Will the first people to bake and eat bread on Mars do it thanks to new research starting in January? This is the challenge facing the SpaceBakery project, a unique consortium composed of seven Belgian organisations and led by the global bakery, pastry and chocolate expert Puratos.
However, before they use their research to help feed the first people on the red planet later this century, the project aims to have a clear impact on Earth today. The project will focus on how we can produce food in a more sustainable way and will help provide a nutritional staple food for many regions across the globe. The consortium has just been awarded a new subsidy of 4.5 million euros, contributing to a total of over 6.3 million euros in funding.
Four large interconnected containers will soon be installed at Puratos’ headquarters near Brussels, Belgium. From the outside they may seem ordinary, but on 1 January 2020 researchers will start working in the enclosed ecological plant cultivation system and bakery. What they discover could have a huge impact on our food production on Earth, as well as on Mars once humans launch their space exploration efforts.
Using the impressive plant cultivation infrastructure, researchers from the seven members of the consortium will learn how to create the ideal environment for the efficient production of wheat crops, as well as other plants that could be included in bread to increase its nutritional value. But, why focus on bread? Because it is highly nutritional and consumed all over the world, making it an ideal candidate as a staple food for space exploration.
Speaking about the project, Upstream R&D Director at Puratos, Filip Arnaut said:
“With this consortium, we are bringing together various knowledge domains and expertise in order to answer a very important question: how can we further improve nutritional value, sustainability and the efficient use of energy to produce food – here bread, one of our main specialties – today, but also tomorrow in more challenging environments.”
The environment on Mars is very different from ours on Earth; the lack of atmosphere, cold temperatures and dust storms don’t provide the right conditions for crop growth. It’s for this reason that the research will take place in the coupled containers, a closed and self-sustainable system in which the climate can be adapted to make it suitable for crop growth, with optimal use of resources.
In parallel to the research on crops, the consortium will also study many other aspects involved in the entire food production cycle, such as the use and recycling of resources, the monitoring of microbial climate, influence of radiation, and pollination through automated drones.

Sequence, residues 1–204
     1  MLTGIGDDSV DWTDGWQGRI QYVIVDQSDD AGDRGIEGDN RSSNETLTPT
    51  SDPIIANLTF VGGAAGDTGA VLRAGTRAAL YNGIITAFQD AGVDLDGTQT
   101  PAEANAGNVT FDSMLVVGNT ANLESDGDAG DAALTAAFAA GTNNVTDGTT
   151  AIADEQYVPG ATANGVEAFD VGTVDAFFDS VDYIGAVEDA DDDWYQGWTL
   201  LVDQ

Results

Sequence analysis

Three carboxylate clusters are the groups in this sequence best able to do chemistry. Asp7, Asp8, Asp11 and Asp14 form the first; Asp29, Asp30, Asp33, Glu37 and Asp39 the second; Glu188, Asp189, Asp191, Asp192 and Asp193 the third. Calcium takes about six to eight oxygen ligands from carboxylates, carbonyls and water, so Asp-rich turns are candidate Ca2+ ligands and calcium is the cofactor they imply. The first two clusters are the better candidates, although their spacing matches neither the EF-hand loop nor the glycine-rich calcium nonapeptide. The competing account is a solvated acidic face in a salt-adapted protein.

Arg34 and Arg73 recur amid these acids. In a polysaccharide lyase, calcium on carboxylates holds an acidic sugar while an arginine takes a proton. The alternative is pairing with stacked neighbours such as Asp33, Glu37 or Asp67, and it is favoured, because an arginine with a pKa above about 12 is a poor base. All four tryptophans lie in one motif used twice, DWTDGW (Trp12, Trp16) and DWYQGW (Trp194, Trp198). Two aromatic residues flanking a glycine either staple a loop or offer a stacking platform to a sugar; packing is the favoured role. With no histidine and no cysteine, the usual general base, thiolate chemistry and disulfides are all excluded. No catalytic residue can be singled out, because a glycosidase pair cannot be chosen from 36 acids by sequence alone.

The consortium is led by Puratos, an international producer of ingredients and innovative solutions for the bakery, pastry and chocolate sector, headquartered in Belgium. Their century-long expertise in bread-making and innovation will be key as food consumed on Mars or on Earth must be nutritional – and also tasty.
Urban Crop Solutions, a solution provider for vertical farming, developed the plant growth infrastructure and will further engineer a variable climate biosphere, a hermetically sealed building in which different climatic conditions can be simulated to support the growth of a diverse range of crops, combined with human habitation. The company will also work on the development of an AI algorithm to optimise crop growth and minimise the resource inputs.
Magics Instruments, a technology company specialised in the development of semiconductor chips and machine learning-based smart sensors, will focus on the automation of pollination and work with Urban Crop Solutions to investigate how artificial intelligence can optimise crop growth. SCK•CEN, the BioSciences research group, will study the effect of microorganisms on the release of nutrients to plants and monitor the overall microbial climate in the closed environment. Additionally, they will investigate the impact of increased ionising radiation, as is present in space and on Mars, on wheat growth.
Ghent University, through its applied plant eco-physiological research at the Faculty of Bioscience Engineering, will create a 3D model of wheat growth and development using functional-structural plant modelling and data from innovative plant sensors. This “virtual 3D-crop” will then be used to determine the most optimal and sustainable way to grow wheat in the closed biosphere system.
The University of Hasselt, with its centre for environmental science, will analyse how the waste of the wheat plant can be used to make the closed biosphere system circular by reusing organic matter.
Flanders Food, the agri-food spearhead cluster and supporter of the project, will focus on collaboration across the food value chain. They will also guide the further coordination and dissemination of the project.
Inge Arents, Managing Director of Flanders’ FOOD, said:
“The SpaceBakery project is important for Flanders’ FOOD’s strategy. It is an example of sustainable and resilient agri-food systems, emphasising how agriculture and food production can allow future generations to enjoy tasty food for a healthy lifestyle. We hope that this project inspires other companies in the broad ecosystem around the food industry. We are grateful to Vlaio that we were able to support the funding of this project.”
The unique consortium was recently launched and will start its research in Belgium on 1 January 2020 for a period of two-and-a-half years. A total of 6.3 million euros will be invested by the seven partners to fund the research.
The Space Bakery project prioritises sustainability, health and the efficient use of resources, providing solutions that will be extremely relevant for space technology tomorrow and here on Earth today.